This is a project that began in my living room. Thanks to ongoing projects to photograph and digitize eighteenth-century newspapers, I am able to continue this project anywhere I have access to the Internet. To date, I have not consulted original newspapers (except to get a better quality image to accompany the link on The Octo), relying instead on the digital surrogates made available via a Readex database, “America’s Historical Newspapers.” At my request, my campus library purchased a subscription, which I use in both my own research and the classes I teach. This makes it possible for me – and my students – to access primary sources that certainly were not readily available just a couple of decades ago. There’s no need to go to an archive that houses the originals or a major research library that possesses microfilm copies. In a future post I will reflect on the benefits of both those methods. I am not trying to suggest that digital surrogates are superior to other formats. Rather, I want to acknowledge how new technologies and digital humanities projects have made this particular public history project possible.

To choose advertisements to feature I first need to identify which newspapers printed in 1766 are included in my library’s subscription to “America’s Historical Newspapers.” This amounts to fifteen newspapers from seven colonies:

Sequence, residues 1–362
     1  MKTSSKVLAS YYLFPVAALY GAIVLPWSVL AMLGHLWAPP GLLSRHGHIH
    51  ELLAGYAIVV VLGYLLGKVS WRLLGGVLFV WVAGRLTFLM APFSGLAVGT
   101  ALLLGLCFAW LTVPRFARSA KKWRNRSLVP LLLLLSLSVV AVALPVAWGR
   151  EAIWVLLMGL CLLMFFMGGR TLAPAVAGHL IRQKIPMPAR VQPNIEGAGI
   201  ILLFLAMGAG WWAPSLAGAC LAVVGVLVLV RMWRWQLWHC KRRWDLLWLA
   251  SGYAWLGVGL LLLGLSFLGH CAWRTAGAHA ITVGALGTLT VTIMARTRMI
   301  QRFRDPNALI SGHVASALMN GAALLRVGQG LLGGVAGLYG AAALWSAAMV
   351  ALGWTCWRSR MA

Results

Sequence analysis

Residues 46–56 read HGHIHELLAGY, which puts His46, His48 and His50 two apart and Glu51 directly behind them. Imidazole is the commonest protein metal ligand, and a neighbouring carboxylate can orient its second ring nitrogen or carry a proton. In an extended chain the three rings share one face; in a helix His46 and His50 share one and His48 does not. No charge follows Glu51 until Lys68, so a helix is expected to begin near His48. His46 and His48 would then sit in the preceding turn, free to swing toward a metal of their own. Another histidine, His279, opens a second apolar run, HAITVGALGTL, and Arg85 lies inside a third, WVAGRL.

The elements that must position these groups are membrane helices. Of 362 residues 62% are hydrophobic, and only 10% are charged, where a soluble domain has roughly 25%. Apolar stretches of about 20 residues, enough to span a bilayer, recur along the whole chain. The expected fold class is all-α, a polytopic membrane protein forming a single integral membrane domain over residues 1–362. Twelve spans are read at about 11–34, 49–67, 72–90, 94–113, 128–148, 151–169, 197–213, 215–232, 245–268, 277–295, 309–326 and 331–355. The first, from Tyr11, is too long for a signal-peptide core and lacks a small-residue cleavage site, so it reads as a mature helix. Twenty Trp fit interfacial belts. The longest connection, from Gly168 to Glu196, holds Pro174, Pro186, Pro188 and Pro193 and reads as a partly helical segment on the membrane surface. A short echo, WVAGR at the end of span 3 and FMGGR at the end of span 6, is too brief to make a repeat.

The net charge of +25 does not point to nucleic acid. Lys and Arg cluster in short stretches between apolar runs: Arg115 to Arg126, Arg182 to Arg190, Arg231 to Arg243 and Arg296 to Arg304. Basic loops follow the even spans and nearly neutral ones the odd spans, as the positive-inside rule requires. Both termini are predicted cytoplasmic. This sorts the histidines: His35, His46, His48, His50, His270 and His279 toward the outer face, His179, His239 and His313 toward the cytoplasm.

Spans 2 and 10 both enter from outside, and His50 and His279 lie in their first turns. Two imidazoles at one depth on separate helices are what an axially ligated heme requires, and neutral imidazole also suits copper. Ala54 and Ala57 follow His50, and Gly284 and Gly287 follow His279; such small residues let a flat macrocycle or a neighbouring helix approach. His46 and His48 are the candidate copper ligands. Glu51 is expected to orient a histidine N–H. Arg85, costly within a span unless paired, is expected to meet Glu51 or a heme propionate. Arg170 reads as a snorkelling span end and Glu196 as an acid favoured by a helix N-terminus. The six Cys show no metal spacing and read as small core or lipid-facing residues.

New Hampshire

  • New-Hampshire Gazette (Portsmouth)

Massachusetts

  • Boston Evening-Post
  • Boston Gazette
  • Boston News-Letter
  • Boston Post-Boy

Rhode Island

  • Newport Mercury
  • Providence Gazette

Connecticut

  • Connecticut Courant (Hartford)
  • Connecticut Gazette (New London)

New York

  • New-York Gazette
  • New-York Gazette, or Weekly Post-Boy
  • New-York Journal
  • New-York Mercury

Pennsylvania

  • Wochentliche Philadelphische Staatsbote (Philadelphia)

Georgia

  • Georgia Gazette (Savannah)
Jan 15 - Masthead for 1:13:1766 New-York Mercury
Masthead for New-York Mercury (January 13, 1766)

In choosing advertisements for the past week, not all of these newspapers were viable options. The Georgia Gazette, for instance, had been suspended near the end of 1765. It did not resume publication until the third week of May 1766. Other newspapers were in a similar situation, though it is worth mentioning that even if a newspaper was in operation during this period in 1766 that does not guarantee that any copies are still extant. And, even if a copy does survive, it may not have been photographed or digitized and made available in “America’s Historical Newspapers.” Such resources are often built around the collections from a particular historical society, research library, or other institution. As a result, digital surrogates available in many databases are limited to what is physically part of the collections at the institution where the project originated. This is changing over time as those overseeing a variety of digital humanities projects seek to fill in gaps and provide more comprehensive coverage, but it remains a limiting factor that anybody pursuing research using eighteenth-century sources should take into consideration.